Letting go of guilt
10:35 (GMT+2), Thu, 13 September 2012
Every mother is caught in the guilt trap at some point; the thing is not to get stuck there. You can’t feel content if you feel guilty that you haven’t done enough for your children or for choosing to do something for yourself without your child.
The truth is that many women need much more than being mothers to feel fulfilled; to feel as though they have an identity and a role that has more than one dimension.
What do moms feel guilty about?
Here’s how to minimise the feelings of guilt about not being home with your child. You can feel positive about being a working mom by:
- Not reading to their child every day.
- Resorting to DVDs and TV when their child’s grumpy or when they are too tired to play with him.
- Not providing enough materially – clothes, a house, a big garden, enough toys (how many toys would be enough?).
- Working and being tired in the evenings.
- Taking time out to do something for themselves.
- Not being able to get their child to eat healthily.
- Damaging their baby in some way during pregnancy
- Their child not sleeping through the night or sleeping in the parents’ bed.
- Sending a child to playschool.
- Being a single mother.
- Not spending enough time with their child.
- Not stimulating their child enough or over-stimulating their child.
- Getting angry and upset with an upset child or one who’s having a tantrum
- Not having enough patience with their child.
- Finding a crèche or playschool you feel will nurture your child and that will allow for last-minute emergency care when necessary.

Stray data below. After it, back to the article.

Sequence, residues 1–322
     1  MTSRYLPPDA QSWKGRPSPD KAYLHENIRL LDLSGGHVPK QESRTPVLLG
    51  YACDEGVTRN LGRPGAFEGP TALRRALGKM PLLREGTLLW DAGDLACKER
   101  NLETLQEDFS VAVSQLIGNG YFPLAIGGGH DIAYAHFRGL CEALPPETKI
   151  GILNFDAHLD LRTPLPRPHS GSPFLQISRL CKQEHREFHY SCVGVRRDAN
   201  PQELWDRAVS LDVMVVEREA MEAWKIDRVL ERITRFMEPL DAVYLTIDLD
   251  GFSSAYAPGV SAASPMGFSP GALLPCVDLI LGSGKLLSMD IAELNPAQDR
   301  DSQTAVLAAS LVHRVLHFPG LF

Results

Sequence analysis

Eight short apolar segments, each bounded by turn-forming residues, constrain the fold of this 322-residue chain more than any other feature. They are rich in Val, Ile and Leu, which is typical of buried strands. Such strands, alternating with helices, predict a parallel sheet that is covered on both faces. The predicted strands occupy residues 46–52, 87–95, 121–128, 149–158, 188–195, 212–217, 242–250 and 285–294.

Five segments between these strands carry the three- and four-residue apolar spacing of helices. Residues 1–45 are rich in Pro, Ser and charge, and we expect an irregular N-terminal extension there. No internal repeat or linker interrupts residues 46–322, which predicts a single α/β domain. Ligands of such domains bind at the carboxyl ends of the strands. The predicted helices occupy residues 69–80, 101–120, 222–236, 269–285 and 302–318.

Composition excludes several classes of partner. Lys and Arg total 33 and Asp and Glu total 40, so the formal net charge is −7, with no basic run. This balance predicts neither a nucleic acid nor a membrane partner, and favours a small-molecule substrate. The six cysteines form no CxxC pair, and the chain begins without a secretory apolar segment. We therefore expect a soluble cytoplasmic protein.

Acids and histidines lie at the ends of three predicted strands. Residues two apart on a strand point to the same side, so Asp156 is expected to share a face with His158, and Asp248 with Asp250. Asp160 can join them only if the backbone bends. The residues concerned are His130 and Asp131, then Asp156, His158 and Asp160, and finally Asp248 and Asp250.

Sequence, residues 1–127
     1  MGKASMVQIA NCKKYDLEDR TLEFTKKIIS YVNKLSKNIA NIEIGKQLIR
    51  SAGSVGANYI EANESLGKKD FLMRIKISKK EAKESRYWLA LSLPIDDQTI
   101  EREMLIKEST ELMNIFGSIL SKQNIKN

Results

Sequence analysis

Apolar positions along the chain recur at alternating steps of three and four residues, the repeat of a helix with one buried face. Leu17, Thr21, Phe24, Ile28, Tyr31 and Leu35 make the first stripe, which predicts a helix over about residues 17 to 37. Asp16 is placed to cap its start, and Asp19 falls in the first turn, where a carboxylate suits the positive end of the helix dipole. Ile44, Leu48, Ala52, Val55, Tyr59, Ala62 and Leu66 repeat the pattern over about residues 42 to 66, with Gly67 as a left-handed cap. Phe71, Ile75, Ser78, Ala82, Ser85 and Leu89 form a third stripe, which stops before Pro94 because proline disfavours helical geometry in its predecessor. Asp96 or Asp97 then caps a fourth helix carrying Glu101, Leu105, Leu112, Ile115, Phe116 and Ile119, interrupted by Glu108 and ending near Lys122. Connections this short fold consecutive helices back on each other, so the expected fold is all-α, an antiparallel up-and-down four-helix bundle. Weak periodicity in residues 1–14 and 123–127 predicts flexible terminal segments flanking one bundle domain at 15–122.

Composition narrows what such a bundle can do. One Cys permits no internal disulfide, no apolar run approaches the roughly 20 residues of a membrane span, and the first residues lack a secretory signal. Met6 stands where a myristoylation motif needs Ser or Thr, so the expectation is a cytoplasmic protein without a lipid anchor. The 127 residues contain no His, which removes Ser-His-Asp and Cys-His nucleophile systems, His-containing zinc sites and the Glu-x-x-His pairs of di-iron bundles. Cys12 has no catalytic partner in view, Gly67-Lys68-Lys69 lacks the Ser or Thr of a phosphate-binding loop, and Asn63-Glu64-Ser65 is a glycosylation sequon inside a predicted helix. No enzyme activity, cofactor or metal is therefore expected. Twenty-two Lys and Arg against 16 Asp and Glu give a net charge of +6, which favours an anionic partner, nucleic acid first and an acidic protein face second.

- Ensuring you have a good support system: people who understand your situation and know you want to do as much as possible for your child.
- Focusing on the positive things you bring to your family.
- Recognising you’re an individual with interests and passions beyond your role as a mother, and using this energy to boost your confidence and your spirit.
A working mom can encourage children to be independent and responsible, as they have to rely more on themselves when their mom isn’t there. This situation also means they must rely on others and create attachments with other people. It also sets a good example – that money doesn’t just come from nowhere and that working is a normal thing most people have to do in order to live. Moms’ job can also help kids see their mothers as multidimensional – she isn’t just a ‘mommy’, she can do other important jobs too. Children of working moms are also often exposed to more children and more fun.
Mothers mustn’t be so hard on themselves because you are only one influence on your child’s life. Fathers, grandparents, teachers, friends, babysitter, coaches, etc. can affect a child’s well-being, too. Allow your child to benefit from quality time spent with others who care about him. parenting, baby, toddler, preschooler, Ruth Rehbock